Another pressing issue is monitoring the quality of our drinking water. As technology continues to advance, IoT and AI could play a key role in establishing new standards of quality and safety for generations. As mentioned in an article published by Water Intelligence, “Using AI to Diagnose Water Consumption Patterns”, maintenance teams could also benefit in mitigating the time spent inspecting miles of pipe or manually checking multiple metres. Speaking with Melanie, she offers her thoughts on how moving towards real-time data monitoring could play a major role in the future of water treatment.

“The drivers behind artificial intelligence adoption and water quality are not only societal but there’s also an industrial component around saving money. So for example, if a customer can rectify an issue in real-time rather than having to do a downstream treatment to get the water to specification, that will save them money. The drivers are not only economic, but also the increasing societal pressures for people to understand what is in their drinking water, rivers and streams that their kids are swimming in…”

Source: Ken Eckert / CC BY-SA – Edmonton International Airport Control Tower

Swirltex has recently entered into a partnership with Edmonton International Airport(EIA). The goal of this collaboration is to treat the stormwater and deicing fluid run-off during the winter months. Their technology is on-site with a new portable treatment system for lagoons. Incredible opportunity for Swirltex to showcase their technology and effectiveness all while benefiting the surrounding communities. Melanie offers her thoughts on this recent partnership.

“Edmonton International Airport is a very progressive and innovative organization and is very environmentally focused. This partnership is to help them understand what is happening in their storm water system, how it relates to the de-icing fluids that they use during the winter, and the overall effects on the environment to get them to a certain specification for safer rivers and streams.”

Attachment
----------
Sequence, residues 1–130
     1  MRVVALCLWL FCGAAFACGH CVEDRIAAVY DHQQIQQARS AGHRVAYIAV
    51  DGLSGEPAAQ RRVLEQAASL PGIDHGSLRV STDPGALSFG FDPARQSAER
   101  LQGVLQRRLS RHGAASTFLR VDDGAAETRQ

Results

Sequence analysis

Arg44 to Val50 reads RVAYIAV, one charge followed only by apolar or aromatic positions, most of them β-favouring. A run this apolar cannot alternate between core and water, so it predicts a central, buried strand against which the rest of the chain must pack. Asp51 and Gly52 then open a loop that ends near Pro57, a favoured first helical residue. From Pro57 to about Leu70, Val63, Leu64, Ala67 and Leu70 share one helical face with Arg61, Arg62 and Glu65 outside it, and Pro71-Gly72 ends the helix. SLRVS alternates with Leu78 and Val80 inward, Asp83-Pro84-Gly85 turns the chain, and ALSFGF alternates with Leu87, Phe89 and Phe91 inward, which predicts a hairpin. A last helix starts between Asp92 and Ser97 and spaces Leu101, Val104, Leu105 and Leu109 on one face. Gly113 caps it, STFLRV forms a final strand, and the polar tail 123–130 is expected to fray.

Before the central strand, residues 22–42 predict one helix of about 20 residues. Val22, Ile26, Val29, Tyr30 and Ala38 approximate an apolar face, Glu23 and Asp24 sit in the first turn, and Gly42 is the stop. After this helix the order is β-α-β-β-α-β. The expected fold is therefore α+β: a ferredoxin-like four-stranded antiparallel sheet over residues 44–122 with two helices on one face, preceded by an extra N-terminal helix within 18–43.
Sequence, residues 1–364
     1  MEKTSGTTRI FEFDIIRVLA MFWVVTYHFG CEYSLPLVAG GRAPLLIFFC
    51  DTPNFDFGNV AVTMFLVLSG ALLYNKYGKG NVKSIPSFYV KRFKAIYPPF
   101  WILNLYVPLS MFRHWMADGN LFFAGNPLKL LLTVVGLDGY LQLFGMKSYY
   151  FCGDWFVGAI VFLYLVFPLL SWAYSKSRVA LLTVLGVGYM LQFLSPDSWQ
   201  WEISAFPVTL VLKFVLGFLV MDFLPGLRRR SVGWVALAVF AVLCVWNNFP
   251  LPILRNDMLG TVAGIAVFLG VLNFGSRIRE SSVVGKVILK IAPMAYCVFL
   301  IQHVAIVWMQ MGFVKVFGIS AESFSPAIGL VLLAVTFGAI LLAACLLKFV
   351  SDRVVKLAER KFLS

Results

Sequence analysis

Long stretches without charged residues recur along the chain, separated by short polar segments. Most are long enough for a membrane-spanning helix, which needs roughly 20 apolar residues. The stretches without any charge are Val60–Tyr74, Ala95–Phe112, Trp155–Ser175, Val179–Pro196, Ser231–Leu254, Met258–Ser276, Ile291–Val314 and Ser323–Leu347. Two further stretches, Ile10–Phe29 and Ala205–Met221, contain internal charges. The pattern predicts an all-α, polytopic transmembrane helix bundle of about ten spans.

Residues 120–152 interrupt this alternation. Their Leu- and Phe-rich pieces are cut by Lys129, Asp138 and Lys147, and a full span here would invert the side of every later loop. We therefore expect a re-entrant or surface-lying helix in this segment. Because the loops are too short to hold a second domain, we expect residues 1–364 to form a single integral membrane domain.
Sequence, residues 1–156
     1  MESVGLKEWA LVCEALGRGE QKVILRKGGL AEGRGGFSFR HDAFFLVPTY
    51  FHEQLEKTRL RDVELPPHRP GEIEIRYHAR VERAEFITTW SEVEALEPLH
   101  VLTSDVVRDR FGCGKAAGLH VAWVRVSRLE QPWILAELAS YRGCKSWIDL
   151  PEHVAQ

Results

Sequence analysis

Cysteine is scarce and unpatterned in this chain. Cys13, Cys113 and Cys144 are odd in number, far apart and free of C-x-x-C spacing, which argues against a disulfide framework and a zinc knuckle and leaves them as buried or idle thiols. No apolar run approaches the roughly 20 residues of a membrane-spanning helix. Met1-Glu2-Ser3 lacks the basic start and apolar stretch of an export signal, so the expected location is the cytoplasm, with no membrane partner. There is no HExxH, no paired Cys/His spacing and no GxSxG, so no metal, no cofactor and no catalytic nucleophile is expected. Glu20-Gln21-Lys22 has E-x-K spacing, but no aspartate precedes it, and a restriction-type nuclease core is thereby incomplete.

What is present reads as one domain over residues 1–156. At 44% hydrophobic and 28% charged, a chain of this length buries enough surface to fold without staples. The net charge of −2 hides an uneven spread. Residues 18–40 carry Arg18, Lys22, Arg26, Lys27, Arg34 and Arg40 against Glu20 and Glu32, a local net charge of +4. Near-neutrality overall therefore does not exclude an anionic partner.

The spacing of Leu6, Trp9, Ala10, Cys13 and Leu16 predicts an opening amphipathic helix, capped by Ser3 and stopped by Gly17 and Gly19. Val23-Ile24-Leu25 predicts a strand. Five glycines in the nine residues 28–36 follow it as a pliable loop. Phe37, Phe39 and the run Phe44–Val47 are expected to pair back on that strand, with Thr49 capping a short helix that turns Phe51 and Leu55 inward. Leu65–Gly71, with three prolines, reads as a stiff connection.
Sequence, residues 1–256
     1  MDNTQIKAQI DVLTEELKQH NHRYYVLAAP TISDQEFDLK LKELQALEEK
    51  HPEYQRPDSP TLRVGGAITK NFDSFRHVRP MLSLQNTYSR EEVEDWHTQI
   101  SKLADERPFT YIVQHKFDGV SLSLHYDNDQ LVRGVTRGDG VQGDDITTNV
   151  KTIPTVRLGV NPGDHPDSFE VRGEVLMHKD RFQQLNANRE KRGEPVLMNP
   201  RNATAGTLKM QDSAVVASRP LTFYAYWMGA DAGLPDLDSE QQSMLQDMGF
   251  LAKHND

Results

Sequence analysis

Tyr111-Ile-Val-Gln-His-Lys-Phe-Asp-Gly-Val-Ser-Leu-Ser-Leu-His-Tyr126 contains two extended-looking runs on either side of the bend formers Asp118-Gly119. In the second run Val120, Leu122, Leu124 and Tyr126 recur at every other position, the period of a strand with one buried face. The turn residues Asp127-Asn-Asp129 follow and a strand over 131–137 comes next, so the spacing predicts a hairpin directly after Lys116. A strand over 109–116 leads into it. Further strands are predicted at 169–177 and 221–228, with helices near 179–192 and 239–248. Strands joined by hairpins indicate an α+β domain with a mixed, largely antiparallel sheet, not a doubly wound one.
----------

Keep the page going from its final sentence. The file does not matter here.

“This collaboration can reduce the need for future stormwater treatment facilities at EIA and develop a local technology that could serve the needs of airports around the world.” – Steve Maybee, EIA VP of Operations and Infrastructure

If you would like to learn more about Swirltex and their buoyancy based membrane filtration technology, visit their website here or via their social media below. 

 

Swirltex LinkedIn

SwirltexTwitter

Swirltex Facebook

 

 

For more stories, visit Todayville Calgary

Alberta

Suspect in stolen vehicle kills one and seriously injures another in wild chase

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News release from Beaumont RCMP

Beaumont RCMP seeking public assistance in locating suspect in fatal collision

On Feb. 24, 2024, at approximately 9:00 p.m., Beaumont RCMP located a person suspected of theft, in a parked 15-foot cube moving truck, at a business on 50 Street in Beaumont. When members approached the truck and attempted an arrest, one male driver and one female passenger rammed into a police vehicle and fled the scene at a high rate of speed. Patrols were initiated to find the truck and, a short time later, it was observed on 50 Street and Highway 814 in Beaumont at a high rate of speed.